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kirksmithicus
05-27-2009, 03:54 PM
So at the second D&D game day event that I attended this last weekend I got into a dispute with the DM about how jumping works in 4e. A minor and idiotic point to be sure, but still. He says that a jump counts as a move action, and that when the character's jump is complete, that is the end of his move action, even if he still has movement left. I don't read it this way in the book. While the book never specifically says that you can continue to move after your jump, it does seem to imply it. According to this fellow, your PC can jump or make a running jump as a move action, in the latter case you would move two squares then jump 2 or 3 squares. He specifically stated that you could not move more than 2 squares then jump in your move/jump action. My other question was then, how could anyone possibly exceed their total movement in a running jump (since you add one to your move for running, increasing most characters base move to 7) and fall as a result if that is true?

I've read the section on Jumping a dozen times, am I right? or am I misreading something?

korhal23
05-27-2009, 04:19 PM
Long Jump: Part of a move action.
Distance Jumped Horizontally: Make an Athletics check and divide your check result by 10 (donít round the result). This is the number of squares you can leap across. You land in the square determined by your result. If you end up over a pit or a chasm, you fall and lose the rest of your move action.
Distance Cleared Vertically: The vertical distance you clear is equal to one-quarter of the distance you jumped horizontally. If you could not clear the vertical distance of an obstacle along the way, you hit the obstacle, fall prone, and lose the rest of your move action. (Emphasis added by me)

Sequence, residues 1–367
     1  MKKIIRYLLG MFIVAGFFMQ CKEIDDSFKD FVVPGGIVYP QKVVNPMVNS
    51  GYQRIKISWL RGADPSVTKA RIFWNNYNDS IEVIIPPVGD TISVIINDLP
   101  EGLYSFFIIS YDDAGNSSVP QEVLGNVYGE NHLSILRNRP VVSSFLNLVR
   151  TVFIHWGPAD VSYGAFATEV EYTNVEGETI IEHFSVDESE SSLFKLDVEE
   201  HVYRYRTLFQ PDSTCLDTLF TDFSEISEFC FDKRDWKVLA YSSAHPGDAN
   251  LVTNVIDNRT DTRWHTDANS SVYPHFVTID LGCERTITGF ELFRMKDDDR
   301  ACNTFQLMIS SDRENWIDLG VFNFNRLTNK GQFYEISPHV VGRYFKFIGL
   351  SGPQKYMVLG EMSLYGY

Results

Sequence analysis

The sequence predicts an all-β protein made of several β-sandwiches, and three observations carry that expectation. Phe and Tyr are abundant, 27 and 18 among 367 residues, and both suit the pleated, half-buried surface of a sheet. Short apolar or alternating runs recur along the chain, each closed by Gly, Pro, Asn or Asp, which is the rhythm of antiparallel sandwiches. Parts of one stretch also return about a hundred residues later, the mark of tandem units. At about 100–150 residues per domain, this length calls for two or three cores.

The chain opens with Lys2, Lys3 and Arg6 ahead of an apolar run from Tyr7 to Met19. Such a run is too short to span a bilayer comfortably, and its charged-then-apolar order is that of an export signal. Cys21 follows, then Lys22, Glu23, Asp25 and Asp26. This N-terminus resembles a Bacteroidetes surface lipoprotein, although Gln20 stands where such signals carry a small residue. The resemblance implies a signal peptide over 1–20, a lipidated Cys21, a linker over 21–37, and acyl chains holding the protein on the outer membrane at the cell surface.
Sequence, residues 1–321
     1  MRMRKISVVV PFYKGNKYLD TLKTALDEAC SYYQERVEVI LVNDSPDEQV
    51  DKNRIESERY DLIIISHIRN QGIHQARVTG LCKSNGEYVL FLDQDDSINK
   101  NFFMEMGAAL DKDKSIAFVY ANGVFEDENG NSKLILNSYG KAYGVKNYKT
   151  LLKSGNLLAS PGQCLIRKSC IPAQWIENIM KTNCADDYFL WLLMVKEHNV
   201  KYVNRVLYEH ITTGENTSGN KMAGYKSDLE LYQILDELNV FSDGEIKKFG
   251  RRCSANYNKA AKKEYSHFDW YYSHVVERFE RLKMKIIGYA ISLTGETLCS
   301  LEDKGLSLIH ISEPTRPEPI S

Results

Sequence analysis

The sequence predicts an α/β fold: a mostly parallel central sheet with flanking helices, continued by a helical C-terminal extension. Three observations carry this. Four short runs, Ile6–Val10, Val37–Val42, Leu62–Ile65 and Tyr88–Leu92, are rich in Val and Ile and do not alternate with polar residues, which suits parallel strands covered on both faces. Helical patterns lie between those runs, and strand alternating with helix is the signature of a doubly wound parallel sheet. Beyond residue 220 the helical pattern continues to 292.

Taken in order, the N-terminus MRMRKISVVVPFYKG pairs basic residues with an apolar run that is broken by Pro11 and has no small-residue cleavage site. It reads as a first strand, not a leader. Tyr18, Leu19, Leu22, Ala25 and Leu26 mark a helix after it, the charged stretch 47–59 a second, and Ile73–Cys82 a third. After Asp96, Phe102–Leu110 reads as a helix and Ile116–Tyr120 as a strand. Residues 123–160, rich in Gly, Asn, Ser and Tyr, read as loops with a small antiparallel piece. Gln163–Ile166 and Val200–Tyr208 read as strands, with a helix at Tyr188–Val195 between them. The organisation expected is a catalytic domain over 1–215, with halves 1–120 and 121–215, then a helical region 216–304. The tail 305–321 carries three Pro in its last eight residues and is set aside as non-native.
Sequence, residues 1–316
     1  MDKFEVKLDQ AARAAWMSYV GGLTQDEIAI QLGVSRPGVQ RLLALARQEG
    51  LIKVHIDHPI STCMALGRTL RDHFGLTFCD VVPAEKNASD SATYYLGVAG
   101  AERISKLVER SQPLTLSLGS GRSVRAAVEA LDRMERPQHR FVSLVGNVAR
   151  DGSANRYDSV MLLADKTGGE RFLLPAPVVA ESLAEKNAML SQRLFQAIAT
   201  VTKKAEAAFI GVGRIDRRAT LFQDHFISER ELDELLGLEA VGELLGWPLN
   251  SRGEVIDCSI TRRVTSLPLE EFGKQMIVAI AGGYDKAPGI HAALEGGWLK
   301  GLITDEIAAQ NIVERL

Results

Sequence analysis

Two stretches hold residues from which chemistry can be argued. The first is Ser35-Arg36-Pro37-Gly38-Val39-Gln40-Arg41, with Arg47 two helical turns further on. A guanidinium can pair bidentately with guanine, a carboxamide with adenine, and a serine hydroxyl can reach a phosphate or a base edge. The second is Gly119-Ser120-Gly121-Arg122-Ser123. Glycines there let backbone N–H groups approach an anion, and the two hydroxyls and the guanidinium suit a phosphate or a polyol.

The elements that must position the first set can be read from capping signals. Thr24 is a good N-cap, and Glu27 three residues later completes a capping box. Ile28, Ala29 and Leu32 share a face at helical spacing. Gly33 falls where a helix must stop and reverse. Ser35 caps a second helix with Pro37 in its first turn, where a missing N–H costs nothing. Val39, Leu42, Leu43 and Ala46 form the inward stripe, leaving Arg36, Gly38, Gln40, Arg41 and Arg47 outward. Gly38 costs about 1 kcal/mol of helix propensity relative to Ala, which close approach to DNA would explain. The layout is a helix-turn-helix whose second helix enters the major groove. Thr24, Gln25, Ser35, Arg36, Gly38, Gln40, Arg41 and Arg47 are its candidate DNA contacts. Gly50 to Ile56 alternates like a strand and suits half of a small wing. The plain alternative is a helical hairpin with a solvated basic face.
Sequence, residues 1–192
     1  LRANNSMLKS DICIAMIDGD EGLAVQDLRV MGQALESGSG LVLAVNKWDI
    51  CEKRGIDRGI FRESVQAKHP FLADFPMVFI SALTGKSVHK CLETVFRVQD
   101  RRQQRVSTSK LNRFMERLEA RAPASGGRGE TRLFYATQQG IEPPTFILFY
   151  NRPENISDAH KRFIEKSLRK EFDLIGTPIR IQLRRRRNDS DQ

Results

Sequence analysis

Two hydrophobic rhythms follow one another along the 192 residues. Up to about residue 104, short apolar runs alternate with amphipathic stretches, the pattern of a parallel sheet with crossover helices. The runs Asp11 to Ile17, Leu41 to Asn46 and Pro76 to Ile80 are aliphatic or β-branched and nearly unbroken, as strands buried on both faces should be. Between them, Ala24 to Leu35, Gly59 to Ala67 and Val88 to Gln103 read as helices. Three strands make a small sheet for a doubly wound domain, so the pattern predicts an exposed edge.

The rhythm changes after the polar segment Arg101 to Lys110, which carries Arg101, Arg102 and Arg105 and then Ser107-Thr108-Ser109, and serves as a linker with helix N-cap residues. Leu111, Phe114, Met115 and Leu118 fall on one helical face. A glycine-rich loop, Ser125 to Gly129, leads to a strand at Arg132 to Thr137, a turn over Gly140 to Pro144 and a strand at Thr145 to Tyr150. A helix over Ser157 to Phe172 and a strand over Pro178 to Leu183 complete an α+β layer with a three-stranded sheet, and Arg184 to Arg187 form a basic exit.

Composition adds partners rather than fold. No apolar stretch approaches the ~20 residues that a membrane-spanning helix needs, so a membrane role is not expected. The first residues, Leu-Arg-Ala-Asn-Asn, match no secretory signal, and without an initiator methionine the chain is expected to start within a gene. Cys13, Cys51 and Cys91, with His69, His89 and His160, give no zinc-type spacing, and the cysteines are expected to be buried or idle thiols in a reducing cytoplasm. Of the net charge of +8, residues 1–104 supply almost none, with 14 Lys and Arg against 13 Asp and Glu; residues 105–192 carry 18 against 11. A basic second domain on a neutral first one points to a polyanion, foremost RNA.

Running Start: If you move at least 2 squares before making the jump, divide your check result by 5, not 10.
Uses Movement: Count the number of squares you jump as part of your move. If you run out of movement, you fall. You can end your first move in midair if you double move.



Jumping, therefore is part of a move action, and not the move action itself. If you have movement left after the jump, you can continue on your merry way, provided you did not fail in some manner (whether that be to clear the gap, or some obstacle in the way.) and therefore fall prone. Even a straight leap into the air is not a full movement, though the only real difference between a high jump and a long jump is the math involved for how high you went.

Valdar
05-27-2009, 04:36 PM
Sounds like he's confusing jumping with charging. Charging does end your move action explicitly. If jumping was to do so as well, they'd say.

William Murderface
06-06-2009, 12:37 PM
point out that the section on rushing and jumping can be easily confused movment doesn't end it just becomes postponed